The people running the site found out that they were being investigated, so they moved the servers to Lithuania and shut down the Dutch servers. The payment for the servers was then paid through the Bitcoin account that they had been using in the Netherlands, and thus the police were able to trace them. After the police tapped into the communications of the network and found out details of the four administrators and their login details for the chat system.

Then … the sting continues to develop … and where the FBI had found out that Alphabay was hosted in the Netherlands, and where police hatched a plan to close down Alphabay and get dealers and customers to move to Hansa, and then monitor usage (and where the Dutch police would control of the site).

The administrators of Hansa were then arrested on 20 June 2017 and they handed over their login details, and where the police could take over the site and run it. At this point, the servers were now back in the jurisdiction of the Dutch police. They copied the whole site and created a new Bitcoin wallet, and with a downtime of only three minutes. Then, after modifying details for deliveries, they watched the site being used for drug dealing.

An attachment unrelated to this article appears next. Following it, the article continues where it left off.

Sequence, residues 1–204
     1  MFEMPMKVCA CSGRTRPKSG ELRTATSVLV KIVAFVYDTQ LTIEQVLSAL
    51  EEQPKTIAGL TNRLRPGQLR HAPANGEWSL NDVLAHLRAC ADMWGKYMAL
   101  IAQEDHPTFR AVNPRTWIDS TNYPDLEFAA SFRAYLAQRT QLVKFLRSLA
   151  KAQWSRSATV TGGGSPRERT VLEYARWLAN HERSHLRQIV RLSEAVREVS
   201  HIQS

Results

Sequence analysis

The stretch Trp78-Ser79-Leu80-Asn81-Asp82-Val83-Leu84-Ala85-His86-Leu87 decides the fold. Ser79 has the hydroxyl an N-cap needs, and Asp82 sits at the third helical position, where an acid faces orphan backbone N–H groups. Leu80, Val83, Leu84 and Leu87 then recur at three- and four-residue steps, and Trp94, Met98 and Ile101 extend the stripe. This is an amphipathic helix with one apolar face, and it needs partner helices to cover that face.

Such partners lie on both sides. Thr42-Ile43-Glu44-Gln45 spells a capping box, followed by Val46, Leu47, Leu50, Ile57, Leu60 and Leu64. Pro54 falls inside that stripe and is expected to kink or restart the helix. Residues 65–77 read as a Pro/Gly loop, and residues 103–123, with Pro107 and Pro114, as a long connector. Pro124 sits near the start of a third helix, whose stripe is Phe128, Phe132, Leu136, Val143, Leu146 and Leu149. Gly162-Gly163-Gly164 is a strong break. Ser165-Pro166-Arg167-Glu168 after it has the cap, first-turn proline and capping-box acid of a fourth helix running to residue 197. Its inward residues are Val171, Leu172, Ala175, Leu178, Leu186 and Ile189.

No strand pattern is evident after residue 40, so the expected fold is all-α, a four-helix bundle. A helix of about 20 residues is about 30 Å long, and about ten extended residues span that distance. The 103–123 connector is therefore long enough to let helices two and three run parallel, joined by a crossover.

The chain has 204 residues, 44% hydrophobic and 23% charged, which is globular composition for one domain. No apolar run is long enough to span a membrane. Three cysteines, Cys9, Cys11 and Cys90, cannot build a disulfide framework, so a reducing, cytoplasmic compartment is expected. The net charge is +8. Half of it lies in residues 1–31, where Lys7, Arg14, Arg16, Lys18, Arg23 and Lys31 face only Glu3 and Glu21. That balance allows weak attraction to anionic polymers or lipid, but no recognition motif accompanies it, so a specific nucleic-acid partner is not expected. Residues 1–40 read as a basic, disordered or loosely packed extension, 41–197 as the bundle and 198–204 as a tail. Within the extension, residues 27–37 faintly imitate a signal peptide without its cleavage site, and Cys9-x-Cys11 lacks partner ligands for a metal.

Every transaction has then tracked, and EUROPOL sent out offices to intercept the packages and make arrests. Along with this all of the business details and contacts were captured, along with the addition some code which revealed the actual IP address of the buyer and seller. To capture even more, they sent out a message to dealers to resend the image of their “products” as they had had a crash on one of their drives. The images came back often containing the metadata in the image, and where the police could find out their actual location (note the image below is just a demonstration of examining the location information from an image).

So the sting moved into top gear on 4 July 2017, and where Alphabay was shut down and which drove many servers to Hansa. Overall the Dutch police seized over 2,500 Bitcoins and recorded 26,000 transactions, and eventually showed this message:

AlphaBay

AlphaBay had become a bazaar for buying and selling of illegal contraband, including drugs, personal IDs, and weapons, and where vendors can set-up shops and trade:

It had, at its peak, over 200,000 users, 40,000 vendors and generated over $1 billion in transactions. At the time of the take-down, it had nearly $4 million in bitcoins within wallets stored on the site.